Here, the Chukchi Sea is akin to a public park; indeed,
part of it is a national park.

The Chukchi’s pristine nature,

                                                            
107
Berger v. City of Seattle, 569 F.3d 1029, 1036 (9th Cir. 2009)
(quoting Grossman v. City of Portland, 33 F.3d 1200, 1204-05 (9th Cir.
1994)).
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its minerals, and its habitat are held in trust for the use of
all the United States citizenry to enjoy.

But unlike a

traditional public park, the remoteness of the Chukchi Sea
renders it difficult for the general population to access.

This

remoteness doubtlessly contributes in no small way to the
general public’s collective imagination of this area as a nature
preserve.

The waters through which Shell stages its oil

drilling projects are generally no less remote, and certainly no
less worthy of protection.
Our contemporary technical world of instantaneous global
communication, however, renders this remoteness meaningless on a
constitutional free speech level.

But the importance of the

Chukchi Sea requires a balanced perspective.

Such a perspective

can only be achieved by allowing Greenpeace USA to observe and
monitor Shell’s drilling activities.

This, in turn, requires

designating the Chukchi Sea a public forum and according it the
same protections provided to traditional public fora.
Conclusion
This Court should deny Shell’s Motion for Temporary
Restraining Order at Docket 8.
/
/

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DATED this 9th day of April 2015.
HOZUBIN, MOBERLY, LYNCH & ASSOCIATES
Attorneys for Defendant
Greenpeace, Inc., a California corporation

 

 

 

 

 

By: /s/ Michael A. Moberly
Michael A. Moberly, Esq.
711 M Street, Suite 2
Anchorage, AK 99501
Telephone: 907-276-5297
Facsimile: 907-276-5291
E-mail: mike@akdefenselaw.com
Alaska Bar No. 9612073

 
 
CERTIFICATE OF SERVICE
I hereby certify that on the
9th day of April, 2015, a true
and correct copy of the foregoing
was ELECTRONICALLY served on:
Jeffrey W. Leppo, Esq.
Ryan P. Steen, Esq.
STOEL RIVES LLP
600 University Street, Suite 3600
Seattle, WA 98101

HOZUBIN, MOBERLY, LYNCH & ASSOCIATES
By: /s/ Michael A. Moberly
9100/537/plead/Opp to Mtn for TRO FINAL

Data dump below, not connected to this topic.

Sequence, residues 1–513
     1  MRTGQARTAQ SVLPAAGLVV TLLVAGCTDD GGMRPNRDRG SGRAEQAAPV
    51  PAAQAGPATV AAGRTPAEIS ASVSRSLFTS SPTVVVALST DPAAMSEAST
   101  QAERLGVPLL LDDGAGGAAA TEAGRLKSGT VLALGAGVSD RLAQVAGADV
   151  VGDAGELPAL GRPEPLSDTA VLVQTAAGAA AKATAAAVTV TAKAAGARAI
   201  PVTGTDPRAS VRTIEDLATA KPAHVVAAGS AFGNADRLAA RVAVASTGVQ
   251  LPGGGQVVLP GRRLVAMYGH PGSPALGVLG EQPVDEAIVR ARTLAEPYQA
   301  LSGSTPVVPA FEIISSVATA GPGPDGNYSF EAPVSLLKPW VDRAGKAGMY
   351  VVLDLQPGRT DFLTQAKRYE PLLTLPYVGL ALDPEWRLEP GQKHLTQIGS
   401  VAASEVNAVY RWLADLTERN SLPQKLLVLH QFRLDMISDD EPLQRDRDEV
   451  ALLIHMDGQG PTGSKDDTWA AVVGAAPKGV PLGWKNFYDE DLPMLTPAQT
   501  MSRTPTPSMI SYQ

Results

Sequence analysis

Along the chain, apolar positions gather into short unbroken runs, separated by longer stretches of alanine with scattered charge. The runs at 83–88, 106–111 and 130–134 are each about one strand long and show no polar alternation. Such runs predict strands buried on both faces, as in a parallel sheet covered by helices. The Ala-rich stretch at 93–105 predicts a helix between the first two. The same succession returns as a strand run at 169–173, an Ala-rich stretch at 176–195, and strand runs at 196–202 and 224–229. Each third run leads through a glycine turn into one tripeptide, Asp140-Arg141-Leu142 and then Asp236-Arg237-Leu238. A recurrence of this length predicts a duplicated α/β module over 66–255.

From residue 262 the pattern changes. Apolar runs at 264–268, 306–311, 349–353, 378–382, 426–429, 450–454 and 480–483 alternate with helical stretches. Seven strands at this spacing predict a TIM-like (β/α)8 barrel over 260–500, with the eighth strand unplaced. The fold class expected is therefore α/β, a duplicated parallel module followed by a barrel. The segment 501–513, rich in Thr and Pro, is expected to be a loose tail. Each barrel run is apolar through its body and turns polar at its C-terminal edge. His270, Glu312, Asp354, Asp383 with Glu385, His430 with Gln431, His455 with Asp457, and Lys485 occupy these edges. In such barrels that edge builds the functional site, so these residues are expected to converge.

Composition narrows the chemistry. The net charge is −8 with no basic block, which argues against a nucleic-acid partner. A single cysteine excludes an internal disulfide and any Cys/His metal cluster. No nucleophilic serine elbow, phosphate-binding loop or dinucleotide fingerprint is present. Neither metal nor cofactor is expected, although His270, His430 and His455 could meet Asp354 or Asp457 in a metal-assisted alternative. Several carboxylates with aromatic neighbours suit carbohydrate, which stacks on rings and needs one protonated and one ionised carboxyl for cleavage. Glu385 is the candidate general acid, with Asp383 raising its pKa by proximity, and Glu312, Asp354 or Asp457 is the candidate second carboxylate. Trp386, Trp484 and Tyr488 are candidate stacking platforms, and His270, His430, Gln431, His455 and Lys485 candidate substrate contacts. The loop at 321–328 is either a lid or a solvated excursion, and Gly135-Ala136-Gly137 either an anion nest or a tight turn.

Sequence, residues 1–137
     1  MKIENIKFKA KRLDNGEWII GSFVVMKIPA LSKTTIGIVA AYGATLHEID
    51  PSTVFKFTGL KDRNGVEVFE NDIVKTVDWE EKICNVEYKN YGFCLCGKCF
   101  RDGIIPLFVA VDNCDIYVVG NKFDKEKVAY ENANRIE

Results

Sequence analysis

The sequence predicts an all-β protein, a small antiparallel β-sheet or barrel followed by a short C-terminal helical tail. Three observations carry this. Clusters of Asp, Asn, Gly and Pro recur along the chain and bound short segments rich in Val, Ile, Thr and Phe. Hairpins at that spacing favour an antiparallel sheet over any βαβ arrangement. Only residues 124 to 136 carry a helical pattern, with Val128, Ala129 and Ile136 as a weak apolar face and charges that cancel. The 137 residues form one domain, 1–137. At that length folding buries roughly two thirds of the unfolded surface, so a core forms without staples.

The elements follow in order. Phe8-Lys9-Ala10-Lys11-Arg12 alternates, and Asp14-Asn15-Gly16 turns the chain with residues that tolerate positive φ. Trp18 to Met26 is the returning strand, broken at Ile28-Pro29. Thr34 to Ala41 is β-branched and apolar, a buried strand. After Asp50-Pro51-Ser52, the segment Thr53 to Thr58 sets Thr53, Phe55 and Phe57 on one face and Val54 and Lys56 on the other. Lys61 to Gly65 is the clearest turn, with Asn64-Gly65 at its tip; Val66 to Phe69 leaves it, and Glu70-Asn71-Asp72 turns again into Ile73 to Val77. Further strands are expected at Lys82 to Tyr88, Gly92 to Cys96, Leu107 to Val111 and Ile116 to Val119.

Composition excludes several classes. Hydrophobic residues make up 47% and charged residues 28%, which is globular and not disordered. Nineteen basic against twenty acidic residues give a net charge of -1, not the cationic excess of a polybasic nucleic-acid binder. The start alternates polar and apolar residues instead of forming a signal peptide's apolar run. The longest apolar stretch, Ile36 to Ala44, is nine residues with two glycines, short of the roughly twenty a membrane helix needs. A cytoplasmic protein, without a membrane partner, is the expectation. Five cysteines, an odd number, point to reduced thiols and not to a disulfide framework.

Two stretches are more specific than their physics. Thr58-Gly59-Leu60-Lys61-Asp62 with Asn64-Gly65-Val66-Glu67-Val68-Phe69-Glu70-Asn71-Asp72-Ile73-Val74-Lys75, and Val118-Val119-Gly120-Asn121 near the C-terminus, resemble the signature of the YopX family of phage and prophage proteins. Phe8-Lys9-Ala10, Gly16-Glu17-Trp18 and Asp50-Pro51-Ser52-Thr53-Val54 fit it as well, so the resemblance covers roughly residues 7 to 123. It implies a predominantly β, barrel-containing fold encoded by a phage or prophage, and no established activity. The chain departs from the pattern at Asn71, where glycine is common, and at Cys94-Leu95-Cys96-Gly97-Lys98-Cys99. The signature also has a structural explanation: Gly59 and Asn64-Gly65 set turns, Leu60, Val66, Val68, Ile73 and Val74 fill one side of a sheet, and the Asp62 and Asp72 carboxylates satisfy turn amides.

Opposition to Motion for Temporary Restraining Order and Preliminary Injunction

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Case 3:15-cv-00054-SLG Document 28 Filed 04/09/15 Page 33 of 33

Case 3:15-cv-00054-SLG Document 28-1 Filed 04/09/15 Page 1 of 2

Case 3:15-cv-00054-SLG Document 28-1 Filed 04/09/15 Page 2 of 2

 

Michael A. Moberly, Esq.
HOZUBIN, MOBERLY, LYNCH & ASSOCIATES
711 M Street, Suite 2
Anchorage, AK 99501
Telephone: 907-276-5297
Facsimile: 907-276-5291
E-mail: mike@akdefenselaw.com
Alaska Bar No. 9612073
IN THE UNITED STATES DISTRICT COURT
FOR THE DISTRICT OF ALASKA
SHELL OFFSHORE INC., a Delaware
corporation, and SHELL GULF OF
MEXICO INC., a Delaware
corporation,
Plaintiffs,
v.
GREENPEACE, INC., a California
corporation, and JOHN and JANE
DOES 1-20,
Defendants.

)
)
)
)
)
)
)
)
)
)
)
)
)
)
) Case No. 3:15-cv-00054-SLG

[PROPOSED] ORDER DENYING SHELL’S MOTION FOR
TEMPORARY RESTRAINING ORDER AND PRELIMINARY INJUNCTION
Having reviewed Plaintiff Shell’s Motion for Temporary
Restraining Order and Preliminary Injunction, at Docket 8, and
Defendant Greenpeace, Inc.’s Opposition thereto, the Court
hereby DENIES the motion at Docket 8.
IT IS SO ORDERD this ___ day of April 2015.
________________________________
Honorable Sharon Gleason
U.S. District Court Judge

 

Case 3:15-cv-00054-SLG Document 28-2 Filed 04/09/15 Page 1 of 2

 

CERTIFICATE OF SERVICE
I hereby certify that on the
9th day of April, 2015, a true
and correct copy of the foregoing
was ELECTRONICALLY served on:
Jeffrey W. Leppo, Esq.
Ryan P. Steen, Esq.
STOEL RIVES LLP
600 University Street, Suite 3600
Seattle, WA 98101

HOZUBIN, MOBERLY, LYNCH & ASSOCIATES
By: /s/ Michael A. Moberly
9100/537/plead/Opp to Mtn for TRO - Order

 
 

Order Denying Motion for Temporary Restraining Order and Preliminary Injunction

Shell et al. v. Greenpeace et al.
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Page 2

Case 3:15-cv-00054-SLG Document 28-2 Filed 04/09/15 Page 2 of 2